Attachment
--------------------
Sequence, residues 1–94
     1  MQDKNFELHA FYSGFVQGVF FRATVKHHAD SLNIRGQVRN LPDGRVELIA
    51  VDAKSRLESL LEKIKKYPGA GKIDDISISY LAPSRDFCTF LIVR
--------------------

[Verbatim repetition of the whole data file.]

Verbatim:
Sequence, residues 1–94
     1  MQDKNFELHA FYSGFVQGVF FRATVKHHAD SLNIRGQVRN LPDGRVELIA
    51  VDAKSRLESL LEKIKKYPGA GKIDDISISY LAPSRDFCTF LIVR